Running a Small Business: What I’ve Learned About Priorities

I’m a small business owner for the first time in my life and I must say, over the past year I’ve learned a lot. I don’t sleep much (I’m working on that) and I assume that many of our LibDib Makers, restaurants, bars and retailers are in the same boat. I’ve spoken to many of you who work long hours, have dumped your life savings into your business, and are working hard every day to make it happen.

Literally every day I get thrown a 100 things and for me, the most important thing I’ve learned is prioritization. Every morning I look at my to-do list and I pick the most important things I need to do that day. Here’s a little insight into what I’ve learned to focus on.


LibDib Priority #1 - Staffing

Given my business, staffing is number one. I need to have enough people to get the job done and I need to hire good people. I spend a lot of time making sure the people we hire are doers. I need people working hard and I need people who are flexible. I may ask someone to do a task that isn’t in their job description and I need them to get it done. Luckily, we have an amazing team who are all committed. I couldn’t do it without them.

I also have an amazing right hand man, Rich Brashears.  He is not only the co-founder and CTO of LibDib, but he really operates as the COO. He sleeps much less than I do, and he works twice as hard. He’s truly the reason LibDib has the best engineering team around. And, he’s definitely a cheerleader for all of us.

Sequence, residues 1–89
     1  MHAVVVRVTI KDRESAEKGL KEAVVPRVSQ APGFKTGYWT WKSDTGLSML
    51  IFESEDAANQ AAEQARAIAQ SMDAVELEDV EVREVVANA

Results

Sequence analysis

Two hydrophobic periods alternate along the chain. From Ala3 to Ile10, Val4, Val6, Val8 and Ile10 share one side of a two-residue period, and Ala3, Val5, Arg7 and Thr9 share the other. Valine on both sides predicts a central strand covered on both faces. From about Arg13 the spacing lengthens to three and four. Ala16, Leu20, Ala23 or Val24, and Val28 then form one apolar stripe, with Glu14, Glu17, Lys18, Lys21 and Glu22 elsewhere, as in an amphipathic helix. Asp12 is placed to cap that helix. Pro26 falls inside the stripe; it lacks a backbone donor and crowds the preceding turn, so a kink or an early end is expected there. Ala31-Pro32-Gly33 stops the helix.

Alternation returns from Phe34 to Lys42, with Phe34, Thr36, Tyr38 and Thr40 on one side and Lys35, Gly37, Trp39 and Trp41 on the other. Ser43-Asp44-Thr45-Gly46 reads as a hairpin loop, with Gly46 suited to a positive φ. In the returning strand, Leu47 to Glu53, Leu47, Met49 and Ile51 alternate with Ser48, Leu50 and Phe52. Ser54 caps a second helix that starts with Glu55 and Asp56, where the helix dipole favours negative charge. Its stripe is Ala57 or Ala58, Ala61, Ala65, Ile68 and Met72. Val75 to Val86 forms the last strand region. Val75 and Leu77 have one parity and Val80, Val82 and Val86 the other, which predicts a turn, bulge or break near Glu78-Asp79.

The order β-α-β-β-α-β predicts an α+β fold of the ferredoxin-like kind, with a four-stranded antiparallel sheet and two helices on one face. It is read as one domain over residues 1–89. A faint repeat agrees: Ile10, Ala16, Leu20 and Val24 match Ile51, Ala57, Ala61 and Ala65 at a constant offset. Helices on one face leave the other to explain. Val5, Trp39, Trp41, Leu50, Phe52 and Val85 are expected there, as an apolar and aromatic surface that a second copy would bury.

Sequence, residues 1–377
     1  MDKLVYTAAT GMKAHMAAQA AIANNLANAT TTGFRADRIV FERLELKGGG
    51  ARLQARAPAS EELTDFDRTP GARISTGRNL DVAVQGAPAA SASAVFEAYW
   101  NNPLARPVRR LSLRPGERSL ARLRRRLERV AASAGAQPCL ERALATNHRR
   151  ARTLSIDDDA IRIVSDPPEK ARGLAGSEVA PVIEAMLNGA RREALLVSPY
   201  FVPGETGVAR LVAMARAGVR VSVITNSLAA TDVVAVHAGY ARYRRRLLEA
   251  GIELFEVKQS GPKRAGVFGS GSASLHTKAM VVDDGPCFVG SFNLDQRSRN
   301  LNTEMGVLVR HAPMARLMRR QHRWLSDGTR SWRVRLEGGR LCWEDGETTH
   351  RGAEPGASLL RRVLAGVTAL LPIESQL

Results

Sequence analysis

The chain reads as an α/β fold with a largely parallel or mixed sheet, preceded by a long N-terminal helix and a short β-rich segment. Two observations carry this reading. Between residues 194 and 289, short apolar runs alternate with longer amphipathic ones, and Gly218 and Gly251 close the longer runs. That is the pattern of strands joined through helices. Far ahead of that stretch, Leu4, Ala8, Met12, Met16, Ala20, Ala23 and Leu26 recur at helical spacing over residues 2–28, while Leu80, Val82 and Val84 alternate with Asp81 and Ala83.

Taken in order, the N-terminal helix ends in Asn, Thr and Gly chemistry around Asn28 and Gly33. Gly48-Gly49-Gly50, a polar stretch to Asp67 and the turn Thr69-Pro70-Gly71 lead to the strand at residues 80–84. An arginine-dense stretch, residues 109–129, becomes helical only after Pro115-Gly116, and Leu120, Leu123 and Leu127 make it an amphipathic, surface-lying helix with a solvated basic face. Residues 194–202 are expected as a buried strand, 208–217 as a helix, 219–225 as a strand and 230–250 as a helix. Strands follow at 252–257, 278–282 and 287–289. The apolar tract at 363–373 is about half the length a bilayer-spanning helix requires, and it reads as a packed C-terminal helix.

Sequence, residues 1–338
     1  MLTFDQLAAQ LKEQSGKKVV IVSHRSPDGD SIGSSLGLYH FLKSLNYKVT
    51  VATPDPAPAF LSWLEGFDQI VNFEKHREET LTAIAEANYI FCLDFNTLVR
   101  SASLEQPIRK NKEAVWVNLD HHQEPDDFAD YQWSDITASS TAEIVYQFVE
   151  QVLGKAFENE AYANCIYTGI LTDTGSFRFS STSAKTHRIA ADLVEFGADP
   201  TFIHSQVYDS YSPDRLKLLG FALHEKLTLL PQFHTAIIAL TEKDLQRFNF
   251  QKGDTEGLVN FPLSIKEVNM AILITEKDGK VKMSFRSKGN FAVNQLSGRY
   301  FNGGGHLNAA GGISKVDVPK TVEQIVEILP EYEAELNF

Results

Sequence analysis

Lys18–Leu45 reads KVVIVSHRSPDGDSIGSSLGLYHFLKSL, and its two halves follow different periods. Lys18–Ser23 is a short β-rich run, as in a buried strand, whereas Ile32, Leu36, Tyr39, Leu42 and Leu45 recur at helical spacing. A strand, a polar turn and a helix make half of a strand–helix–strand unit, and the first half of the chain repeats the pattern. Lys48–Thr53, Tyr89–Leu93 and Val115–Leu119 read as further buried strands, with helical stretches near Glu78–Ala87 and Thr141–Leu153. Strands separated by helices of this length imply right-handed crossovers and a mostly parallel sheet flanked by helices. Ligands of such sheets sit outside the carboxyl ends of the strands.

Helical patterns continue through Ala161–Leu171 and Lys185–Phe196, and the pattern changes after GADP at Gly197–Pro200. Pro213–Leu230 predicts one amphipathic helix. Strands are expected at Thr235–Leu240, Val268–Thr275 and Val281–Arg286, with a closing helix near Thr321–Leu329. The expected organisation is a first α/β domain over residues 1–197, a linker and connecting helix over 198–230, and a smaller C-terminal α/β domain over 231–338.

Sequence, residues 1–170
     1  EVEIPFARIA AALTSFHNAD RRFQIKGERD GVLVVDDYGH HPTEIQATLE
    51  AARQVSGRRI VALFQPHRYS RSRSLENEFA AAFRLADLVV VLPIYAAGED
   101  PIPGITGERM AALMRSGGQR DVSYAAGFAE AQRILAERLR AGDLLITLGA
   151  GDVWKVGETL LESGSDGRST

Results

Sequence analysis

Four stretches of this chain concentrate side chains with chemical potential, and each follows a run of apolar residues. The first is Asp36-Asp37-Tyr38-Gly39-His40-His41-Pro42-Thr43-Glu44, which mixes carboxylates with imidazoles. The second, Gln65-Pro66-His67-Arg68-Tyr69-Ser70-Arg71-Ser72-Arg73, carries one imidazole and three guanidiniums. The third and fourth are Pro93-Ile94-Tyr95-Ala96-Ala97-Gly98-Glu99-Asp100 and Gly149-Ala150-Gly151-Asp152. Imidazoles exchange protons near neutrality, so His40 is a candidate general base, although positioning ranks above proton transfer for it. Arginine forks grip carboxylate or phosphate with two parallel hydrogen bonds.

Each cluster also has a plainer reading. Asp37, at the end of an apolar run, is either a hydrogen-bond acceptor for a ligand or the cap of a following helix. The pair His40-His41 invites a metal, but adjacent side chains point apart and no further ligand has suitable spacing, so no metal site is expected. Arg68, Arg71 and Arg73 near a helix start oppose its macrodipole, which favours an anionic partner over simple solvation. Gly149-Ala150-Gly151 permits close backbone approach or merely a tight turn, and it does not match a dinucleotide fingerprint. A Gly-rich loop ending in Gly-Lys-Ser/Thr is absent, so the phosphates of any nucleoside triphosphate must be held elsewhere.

LibDib Priority #2 - Revenue

As the head of LibDib I need to make sure that I’m focusing on things that involve revenue. I put aside a large part of my day to make sure that we are focused on things that make money or that bring in an investment. After all, I have a staff to pay and people who rely on me.


LibDib Priority #3 - Is Everything Working?

Every single day I take a look at our systems. Are they working? Is there anything that needs to be improved? I have regular meetings with the team where we report on all processes. As a technology company and a distributor I can tell you, there’s a lot to check. I have a feeling that most of you feel the same way. Making sure things are running smoothly and adjusting things as needed, is super important.


LibDib Priority #4 - Networking